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French, Shannon E.; McCain, John. The Code of the Warrior: Exploring Warrior Values Past and Present
2004, Rowman & Littlefield Publishers.
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Added by: Simon Fokt

Back matter: Warrior cultures throughout history have developed unique codes that restrict their behavior and set them apart from the rest of society. But what possible reason could a warrior have for accepting such restraints? Why should those whose profession can force them into hellish kill-or-be-killed conditions care about such lofty concepts as honor, courage, nobility, duty, and sacrifice? And why should it matter so much to the warriors themselves that they be something more than mere murderers? The Code of the Warrior tackles these timely issues and takes the reader on a tour of warrior cultures and their values, from the ancient Greeks and Romans to the “barbaric” Vikings and Celts, from legendary chivalric knights to Native American tribesmen, from Chinese warrior monks pursuing enlightenment to Japanese samurai practicing death. Drawing these rich traditions up to the present, the author quests for a code for the warriors of today, as they do battle in asymmetric conflicts against unconventional forces and the scourge of global terrorism.

Comment: A longish article, but very useful as a thorough critique of luck egalitarianism, for the author's take on the capability approach, and for her account of democratic equality which revolves around the ideal of democratic citizenship

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Jaggar, Alison. What is Terrorism, Why is it Wrong, and Could it Ever Be Morally Justified?
2005, Journal of Social Philosophy 36(2): 202-217.
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Added by: Carl Fox

Content: Starts with a nice historical discussion of the emergence of the term ‘terrorism’ and some of the ways that it changed before and after the 9/11 attacks. Jaggar offers a specification of the concept and then her own conception, which can be practiced by governments and international bodies, and then discusses several kinds of conflict in which it may be deployed as a tactic. Here is her definition: “Terrorism is the use of extreme threats or violence designed to intimidate or subjugate governments, groups, or individuals. It is a tactic of coercion intended to promote further ends that in themselves may be good, bad or indifferent. Terrorism may be practiced by governments or international bodies or forces, sub-state groups or even individuals. Its threats or violence are aimed directly or immediately at the bodies or belongings of innocent civilians but these are typically terrorists’ secondary targets; the primary targets of terrorists are the governments, groups or individuals that they wish to intimidate” (2005: 209).

Comment: Would make good required reading on the subject of terrorism.

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McPherson, Lionel K.. Is Terrorism Distinctively Wrong?
2007, Ethics 117(3): 524-546.
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Added by: Helen Morley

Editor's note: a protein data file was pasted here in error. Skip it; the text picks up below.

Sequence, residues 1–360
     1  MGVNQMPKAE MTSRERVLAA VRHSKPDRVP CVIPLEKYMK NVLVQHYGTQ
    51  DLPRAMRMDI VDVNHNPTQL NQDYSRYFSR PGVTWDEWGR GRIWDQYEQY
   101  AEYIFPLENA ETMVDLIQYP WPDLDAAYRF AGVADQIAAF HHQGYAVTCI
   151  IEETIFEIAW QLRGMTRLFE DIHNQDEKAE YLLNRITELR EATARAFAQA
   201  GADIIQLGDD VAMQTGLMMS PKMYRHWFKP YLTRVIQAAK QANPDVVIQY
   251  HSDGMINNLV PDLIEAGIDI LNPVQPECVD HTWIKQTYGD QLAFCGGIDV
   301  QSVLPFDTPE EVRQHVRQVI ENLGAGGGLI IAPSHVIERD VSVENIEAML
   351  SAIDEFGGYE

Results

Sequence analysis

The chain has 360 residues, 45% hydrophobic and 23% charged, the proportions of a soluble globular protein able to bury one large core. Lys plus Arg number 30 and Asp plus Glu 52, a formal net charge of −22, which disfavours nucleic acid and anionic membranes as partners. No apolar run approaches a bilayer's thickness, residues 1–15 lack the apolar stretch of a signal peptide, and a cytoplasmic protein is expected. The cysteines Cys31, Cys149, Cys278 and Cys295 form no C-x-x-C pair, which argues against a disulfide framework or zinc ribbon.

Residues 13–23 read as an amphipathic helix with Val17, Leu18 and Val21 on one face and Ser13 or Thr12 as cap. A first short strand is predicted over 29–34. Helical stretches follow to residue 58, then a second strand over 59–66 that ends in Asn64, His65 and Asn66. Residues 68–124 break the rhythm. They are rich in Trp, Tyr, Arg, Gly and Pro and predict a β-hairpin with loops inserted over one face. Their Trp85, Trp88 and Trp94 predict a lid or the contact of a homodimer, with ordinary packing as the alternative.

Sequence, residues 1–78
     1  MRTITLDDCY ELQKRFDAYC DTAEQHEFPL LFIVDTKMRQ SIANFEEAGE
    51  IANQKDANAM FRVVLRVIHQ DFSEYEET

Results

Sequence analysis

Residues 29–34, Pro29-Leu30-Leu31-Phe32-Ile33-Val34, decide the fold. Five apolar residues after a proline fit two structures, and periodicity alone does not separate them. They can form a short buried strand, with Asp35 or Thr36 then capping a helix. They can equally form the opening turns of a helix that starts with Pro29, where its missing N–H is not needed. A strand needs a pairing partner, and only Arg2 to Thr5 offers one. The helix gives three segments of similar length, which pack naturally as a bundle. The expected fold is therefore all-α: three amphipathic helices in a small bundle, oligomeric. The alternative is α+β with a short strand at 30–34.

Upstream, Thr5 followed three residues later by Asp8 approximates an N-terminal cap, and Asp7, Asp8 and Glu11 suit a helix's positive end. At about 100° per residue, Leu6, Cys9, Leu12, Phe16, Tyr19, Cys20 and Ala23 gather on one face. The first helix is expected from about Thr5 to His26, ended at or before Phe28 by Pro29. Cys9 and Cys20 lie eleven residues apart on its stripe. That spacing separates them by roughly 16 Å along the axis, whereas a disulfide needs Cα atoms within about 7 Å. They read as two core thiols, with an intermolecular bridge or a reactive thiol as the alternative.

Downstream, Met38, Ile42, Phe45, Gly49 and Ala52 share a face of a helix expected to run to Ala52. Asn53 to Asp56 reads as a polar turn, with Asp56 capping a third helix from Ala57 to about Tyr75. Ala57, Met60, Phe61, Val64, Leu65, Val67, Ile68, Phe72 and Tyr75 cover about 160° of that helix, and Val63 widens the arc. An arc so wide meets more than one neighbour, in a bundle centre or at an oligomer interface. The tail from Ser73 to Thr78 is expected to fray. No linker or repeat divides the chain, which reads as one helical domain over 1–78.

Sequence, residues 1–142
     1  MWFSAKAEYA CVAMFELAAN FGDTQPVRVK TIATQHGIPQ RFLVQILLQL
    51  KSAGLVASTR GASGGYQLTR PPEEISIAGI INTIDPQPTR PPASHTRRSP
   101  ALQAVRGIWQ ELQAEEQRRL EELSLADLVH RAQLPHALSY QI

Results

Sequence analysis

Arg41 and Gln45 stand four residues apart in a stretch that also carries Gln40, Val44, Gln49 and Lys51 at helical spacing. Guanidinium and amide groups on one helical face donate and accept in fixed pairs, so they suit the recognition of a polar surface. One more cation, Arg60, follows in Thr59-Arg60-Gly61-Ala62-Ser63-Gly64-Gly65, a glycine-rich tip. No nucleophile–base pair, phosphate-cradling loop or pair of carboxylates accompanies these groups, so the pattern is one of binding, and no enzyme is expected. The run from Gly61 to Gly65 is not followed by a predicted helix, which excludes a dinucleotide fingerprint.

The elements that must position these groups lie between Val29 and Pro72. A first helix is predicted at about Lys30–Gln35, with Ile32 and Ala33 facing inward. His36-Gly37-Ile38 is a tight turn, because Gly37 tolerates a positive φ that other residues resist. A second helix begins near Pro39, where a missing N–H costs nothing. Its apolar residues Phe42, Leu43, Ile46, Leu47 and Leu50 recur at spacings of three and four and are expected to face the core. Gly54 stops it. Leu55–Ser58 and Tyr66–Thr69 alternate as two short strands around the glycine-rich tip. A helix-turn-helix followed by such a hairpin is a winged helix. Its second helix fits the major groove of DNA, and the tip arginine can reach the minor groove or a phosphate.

Introduction: Many people, including philosophers, believe that terrorism is necessarily and egregiously wrong. I will call this “the dominant view.” The dominant view maintains that terrorism is akin to murder. This forecloses the possibility that terrorism, under any circumstances, could be morally permissible—murder, by definition, is wrongful killing. The unqualified wrongness of terrorism is thus part of this understanding of terrorism.

I will criticize the dominant view. Some philosophers have argued that terrorism might not be impermissible on either a rights‐based or a consequentialist analysis. But I will not pursue the question of whether terrorism could ever be justifiable. Rather, I will argue that the dominant view’s condemnatory attitude toward terrorism as compared to conventional war cannot be fully sustained. I propose that a version of the argument that terrorists do not have adequate authority to undertake political violence—and not the prominent argument that noncombatants should be immune from deliberate use of force against them—is the most plausible basis for finding terrorism objectionable.

Comment: McPherson challenges the view that there is something distinctively wrong about terrorism as compared to conventional warfare. In addition to a discussion on terrorism it presents challenges to traditional interpretations of just war theory.

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Roberts, Rodney C.. The American Value of Fear and the Indefinite Detention of Terrorist Suspects
2007, Public Affairs Quarterly, 21 (4): 405-419.
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Added by: Rochelle DuFord

Summary: This paper develops the claim that indefinite detention (as used by the U.S. following the attacks on September 11, 2001) is justfied by an appeal to racialized fear. Roberts argues that the indefinite detention of suspected terrorists is both immoral and unjust–claiming that arguments in favor of it (such as the interest in interrogation, the consequentialist justification, and the preventative detention argument) fail to ground the permissibility of indefinite detention.

Comment: This text would be of use in a course discussing the ethics of war, criminal justice ethics, or the idea of terrorism. It presents a clear discussion, in an accessible way, of a number of arguments in favor of indefinite detention, ultimately arguing that such defenses are insufficient to ground its moral permissibility.

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